Katrina Porteous, Edge – review

Katrina Porteous’s Edge tries to digest the most abstruse science into poetic form.

I found it thrilling. There’s no self in it, and almost no people, but it doesn’t feel inhuman because Porteous uses different forms of personification so much. She opens with an account of the poems’ genesis and closes with scientific notes. These I sometimes found interesting, sometimes indigestible. The poems themselves are in three sections. ‘Field’ explores the quantum physics underlying all reality – science of a kind incomprehensible to most of us; ‘Sun’ meditates on our sun, and ‘Edge’ focuses on our own moon and some of the moons of Saturn and Jupiter. Further complexities of structure will only be felt with repeated reading but the beauty of most of the individual poems leapt out at me immediately.

This was because Porteous has a gift for quietly startling metaphor and handles free verse in a brilliantly fluent, precise and varied way. An example of the delight to be found in her rhythms would be this from ‘Various Uncertainties II’, where exquisitely precise pacing causes ideas and images to flower in the mind almost word by word but – and this is crucial – never in isolation, always with a strong, almost kinetic sense of the unfolding of the syntax between them:

 

It is elsewhere, the party;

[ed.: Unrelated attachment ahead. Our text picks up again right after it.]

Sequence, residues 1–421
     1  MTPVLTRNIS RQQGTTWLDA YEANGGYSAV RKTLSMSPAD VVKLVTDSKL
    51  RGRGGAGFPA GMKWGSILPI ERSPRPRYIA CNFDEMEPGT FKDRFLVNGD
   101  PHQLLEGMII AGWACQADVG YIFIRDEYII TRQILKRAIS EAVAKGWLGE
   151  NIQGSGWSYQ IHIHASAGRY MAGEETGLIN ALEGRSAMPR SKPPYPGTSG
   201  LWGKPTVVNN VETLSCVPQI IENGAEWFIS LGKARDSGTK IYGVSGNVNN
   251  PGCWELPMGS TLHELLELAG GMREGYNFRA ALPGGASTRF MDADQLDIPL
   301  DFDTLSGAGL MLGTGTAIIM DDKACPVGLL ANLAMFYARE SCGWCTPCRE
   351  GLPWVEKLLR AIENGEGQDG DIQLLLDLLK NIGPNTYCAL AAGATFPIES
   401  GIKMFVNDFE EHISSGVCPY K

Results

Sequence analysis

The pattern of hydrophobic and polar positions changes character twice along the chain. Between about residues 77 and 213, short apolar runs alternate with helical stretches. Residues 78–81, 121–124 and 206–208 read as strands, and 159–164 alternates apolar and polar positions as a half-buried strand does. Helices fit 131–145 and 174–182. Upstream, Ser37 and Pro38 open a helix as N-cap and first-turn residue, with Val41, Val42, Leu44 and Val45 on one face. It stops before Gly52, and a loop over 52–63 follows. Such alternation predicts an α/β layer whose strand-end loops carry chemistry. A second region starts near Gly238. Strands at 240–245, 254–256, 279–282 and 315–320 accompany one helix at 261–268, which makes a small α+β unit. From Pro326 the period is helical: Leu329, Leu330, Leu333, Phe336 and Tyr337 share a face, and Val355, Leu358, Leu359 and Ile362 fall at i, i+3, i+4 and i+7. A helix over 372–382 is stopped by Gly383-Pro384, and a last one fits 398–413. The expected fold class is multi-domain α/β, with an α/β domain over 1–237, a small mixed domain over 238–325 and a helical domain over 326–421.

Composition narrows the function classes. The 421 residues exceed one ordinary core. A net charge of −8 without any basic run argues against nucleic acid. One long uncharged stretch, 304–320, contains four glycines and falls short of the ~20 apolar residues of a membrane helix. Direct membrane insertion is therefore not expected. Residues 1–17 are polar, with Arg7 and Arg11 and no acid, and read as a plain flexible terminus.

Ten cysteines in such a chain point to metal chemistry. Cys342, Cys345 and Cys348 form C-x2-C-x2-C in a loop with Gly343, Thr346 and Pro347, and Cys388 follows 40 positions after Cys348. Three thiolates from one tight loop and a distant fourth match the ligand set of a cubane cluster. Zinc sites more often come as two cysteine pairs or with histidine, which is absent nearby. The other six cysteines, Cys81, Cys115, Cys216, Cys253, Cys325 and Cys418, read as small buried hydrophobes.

The ghostly
Immaterial numbers

Dancing all night
In the mirrored ballroom,
Or gazing transfixed

At their own beauty.

 

When it comes to the kind of physical reality we can or theoretically could experience directly with our senses, Edwin Morgan’s great ‘Moons of Jupiter’ sequence brought the terrifying strangeness and extremity of physical conditions on those moons home to me more hauntingly than anything in this book. Porteous’s main interest is not in such phenomena but in the elusiveness of the cosmic and subatomic forces behind them. In the introduction she refers to Plato’s belief that ‘we cannot see true reality, only its partial image’. Her poems create imaginative bridges between realities directly available to our senses and the vaster or deeper ones that we can only approach by abstract thought or through sophisticated instruments. I can’t claim that reading the book helped me understand the scientific theories and discoveries behind it, but there’s a keen delight in the verbal music and the stream of images that they’ve drawn from the poet.

 

Katrina Porteous, Edge, 128pp, £12, Bloodaxe Books, Eastburn, South Park, Hexham, Northumberland NE46 1BS

 

I would like to thank Ann and Peter Sansom and Suzannah Evans for permission to post this extract from my review of books by Katrina Porteous, Mimi Khalvati, Mary Jean Chan and Hugo Williams in issue 64 of The North.

 

One Response to “Katrina Porteous, Edge – review”

  1. Edmund Prestwich» Blog Archive » Hugo Williams, Lines Off – review said:

    Sep 08, 20 at 3:45 pm

    […] different ways, Edge, Afterwardness and Flèche are all written in overtly poetic forms and styles. Williams, too, […]


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